Olive Oil

The Orange-Scented Olive Oil Cake I Make 2 Loaves at a Time

June 15, 2018

There is a category of cake that I call "Korean ajumma cake." An ajumma refers to a married Korean woman of a certain age (usually middle age); it's as much a term of respect as it is one of endearment.

In my mind, these cakes fall into the easy-to-eat variety of sponge cakes, pound cakes, jelly rolls (mocha, please), light-as-air cheesecakes, sometimes incorporating Asian-friendly flavors like green tea or red bean, sometimes pushing into pastry and Danish territory. You know a good ajumma cake when you taste one. These usually not-too-sweet cakes are enjoyed alongside weak coffee or tea with fellow ajummas over long conversations where tales of church life, kids' academics, can't-miss-sales, and spousal gripes are shared freely and empathized with openly.

When I first tasted this olive oil loaf from Abraço in New York's East Village nearly a decade ago, I knew it'd be a hit with my mom. Not too sweet, tender, tinged with the scent of orange zest, and a perfect foil for Abraço's amazing coffee, it had all the markings of a great ajumma cake. And when I was lucky enough to come upon a recipe for it from a back issue of Bon Appetit, I obviously had to make it for her. (I've also since made it for my Korean mother-in-law, whose enthusiastic approval and immediate request for a recipe told me everything.)

You might as well x2 all the ingredients from the start. Photo by Rocky Luten

Well, guess what? This is also just a plain ol', good ol' olive oil cake beloved by anyone who tastes it! My husband, my 4-year-old, the legions of fans who've helped take the tiny Abraço kiosk of a storefront across the street to larger digs where their signature olive oil cake continues to fly out of their never-too-sweet, savory-leaning pastry case.

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Top Comment:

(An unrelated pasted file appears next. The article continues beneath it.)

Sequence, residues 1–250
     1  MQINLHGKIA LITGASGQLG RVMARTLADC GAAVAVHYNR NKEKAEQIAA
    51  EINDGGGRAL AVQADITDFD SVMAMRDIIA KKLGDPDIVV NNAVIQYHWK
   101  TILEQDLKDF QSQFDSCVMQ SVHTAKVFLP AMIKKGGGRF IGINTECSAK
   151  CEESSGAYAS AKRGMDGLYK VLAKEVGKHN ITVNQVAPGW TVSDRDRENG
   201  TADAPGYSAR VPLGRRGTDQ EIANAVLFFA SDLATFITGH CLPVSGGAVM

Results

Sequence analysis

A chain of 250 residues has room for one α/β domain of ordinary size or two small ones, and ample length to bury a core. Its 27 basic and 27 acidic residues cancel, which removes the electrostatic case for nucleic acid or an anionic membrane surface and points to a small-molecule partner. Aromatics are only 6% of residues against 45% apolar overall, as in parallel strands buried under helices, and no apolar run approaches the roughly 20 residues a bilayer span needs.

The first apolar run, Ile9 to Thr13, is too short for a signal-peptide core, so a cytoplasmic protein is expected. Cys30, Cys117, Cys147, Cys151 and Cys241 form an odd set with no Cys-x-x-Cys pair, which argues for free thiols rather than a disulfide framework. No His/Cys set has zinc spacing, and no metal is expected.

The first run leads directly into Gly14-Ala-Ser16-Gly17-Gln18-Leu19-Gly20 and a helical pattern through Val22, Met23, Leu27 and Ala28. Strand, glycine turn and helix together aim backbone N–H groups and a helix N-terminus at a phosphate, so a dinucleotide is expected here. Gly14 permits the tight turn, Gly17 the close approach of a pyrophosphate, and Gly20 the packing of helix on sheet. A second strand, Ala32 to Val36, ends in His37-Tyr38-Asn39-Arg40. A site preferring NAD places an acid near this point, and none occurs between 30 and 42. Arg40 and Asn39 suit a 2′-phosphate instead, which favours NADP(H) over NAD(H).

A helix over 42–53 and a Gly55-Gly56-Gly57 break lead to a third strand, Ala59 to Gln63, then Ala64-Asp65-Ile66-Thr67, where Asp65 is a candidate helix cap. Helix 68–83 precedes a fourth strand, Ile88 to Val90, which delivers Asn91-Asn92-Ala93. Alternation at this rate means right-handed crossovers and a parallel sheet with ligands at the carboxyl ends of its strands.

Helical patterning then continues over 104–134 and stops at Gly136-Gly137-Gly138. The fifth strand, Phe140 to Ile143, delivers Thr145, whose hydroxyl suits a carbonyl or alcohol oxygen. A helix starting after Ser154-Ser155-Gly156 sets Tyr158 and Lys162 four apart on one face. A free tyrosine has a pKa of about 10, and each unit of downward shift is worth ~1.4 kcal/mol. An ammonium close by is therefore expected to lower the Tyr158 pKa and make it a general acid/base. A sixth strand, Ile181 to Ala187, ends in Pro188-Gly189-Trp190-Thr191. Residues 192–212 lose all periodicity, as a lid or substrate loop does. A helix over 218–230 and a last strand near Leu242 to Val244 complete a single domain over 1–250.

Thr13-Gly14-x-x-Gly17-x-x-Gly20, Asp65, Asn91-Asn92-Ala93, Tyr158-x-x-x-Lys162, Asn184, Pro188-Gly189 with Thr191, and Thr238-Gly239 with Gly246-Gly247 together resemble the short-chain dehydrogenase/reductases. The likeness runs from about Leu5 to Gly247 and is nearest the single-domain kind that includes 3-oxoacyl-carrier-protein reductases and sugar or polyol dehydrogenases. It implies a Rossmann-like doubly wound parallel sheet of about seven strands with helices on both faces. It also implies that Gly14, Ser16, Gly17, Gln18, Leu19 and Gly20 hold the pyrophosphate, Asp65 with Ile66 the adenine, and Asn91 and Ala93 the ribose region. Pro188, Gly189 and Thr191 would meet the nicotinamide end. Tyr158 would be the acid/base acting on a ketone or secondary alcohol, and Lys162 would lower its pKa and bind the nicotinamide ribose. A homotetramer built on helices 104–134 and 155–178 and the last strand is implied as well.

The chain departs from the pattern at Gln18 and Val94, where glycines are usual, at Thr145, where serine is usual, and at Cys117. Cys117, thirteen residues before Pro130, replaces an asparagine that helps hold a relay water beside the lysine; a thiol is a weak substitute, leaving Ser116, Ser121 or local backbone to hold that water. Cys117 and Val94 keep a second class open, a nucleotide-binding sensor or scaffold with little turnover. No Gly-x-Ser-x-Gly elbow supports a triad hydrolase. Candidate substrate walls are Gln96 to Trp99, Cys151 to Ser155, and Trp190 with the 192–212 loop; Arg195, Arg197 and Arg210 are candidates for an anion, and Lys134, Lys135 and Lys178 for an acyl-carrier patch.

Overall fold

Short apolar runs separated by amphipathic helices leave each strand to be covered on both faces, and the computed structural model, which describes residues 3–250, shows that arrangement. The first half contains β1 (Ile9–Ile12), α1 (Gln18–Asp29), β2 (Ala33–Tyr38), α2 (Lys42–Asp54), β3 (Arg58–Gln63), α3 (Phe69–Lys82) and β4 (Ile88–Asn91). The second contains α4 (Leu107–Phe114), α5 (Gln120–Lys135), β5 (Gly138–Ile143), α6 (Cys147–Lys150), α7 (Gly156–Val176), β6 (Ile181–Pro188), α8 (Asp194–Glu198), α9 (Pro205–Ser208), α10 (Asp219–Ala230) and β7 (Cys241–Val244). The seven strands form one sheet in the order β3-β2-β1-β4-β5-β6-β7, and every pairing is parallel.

“I made it as muffins (cupcakes?) and they came out fine after 35 min of baking time. I also used turbinado sugar and lemon zest instead of orange.”
— FrugalCat
Comment

This loaf comes together shockingly easily, but also disappears with frightening speed: I've smartened up to know that when I make it, I'd better double up on the recipe. My family and I can zip through a single loaf the day it's made; the second loaf benefits from a bit of rest, and is superb for a quick breakfast on-the-go in the ensuing days.

The recipe is perfect as is, but sometimes I'll tweak it slightly to make it even less sweet (2/3 cup of sugar versus the whole cup), increase the amount of zest, change up the citrus (Meyer lemon is heavenly), even grease the pan with butter and coarse sugar and/or cornmeal to give the lovely loaf a bit of texture and character. Go wild. And while you're at it, make a loaf for your mom—I bet she'll love it, too.


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10 Comments

Julia L. June 16, 2018
Can I use almond milk instead?
 
FrugalCat June 16, 2018
I made it as muffins (cupcakes?) and they came out fine after 35 min of baking time. I also used turbinado sugar and lemon zest instead of orange.
 
Smaug June 16, 2018
For what it's worth, "abraco" (don't know to type the cedilla) is Portuguese for "embrace".
 
Lee June 15, 2018
Can this bew made as muffins?
 
Author Comment
Hana A. June 15, 2018
I'm sure you could, I'd just adjust the bake time and monitor it starting at 15-20 minutes, depending on your muffin tin tray size.
 
Lee June 15, 2018
Could chocolate chunks be added?<br />Or candied orange peel?<br />Or nuts?
 
Author Comment
Hana A. June 15, 2018
Hi Lee - I don't see why not! I would just adjust the sugar levels accordingly if you're adding sweet things. Go nuts! And please let me know how it turns out. :)
 
Eric K. June 15, 2018
I think you should write a book called Korean Ajumma Cakes.
 
Author Comment
Hana A. June 15, 2018
I would... kinda love that?? :X
 
Emilye June 22, 2018
I second the idea of a book on Korean Ajumma Cakes :) sounds like a best-seller!<br />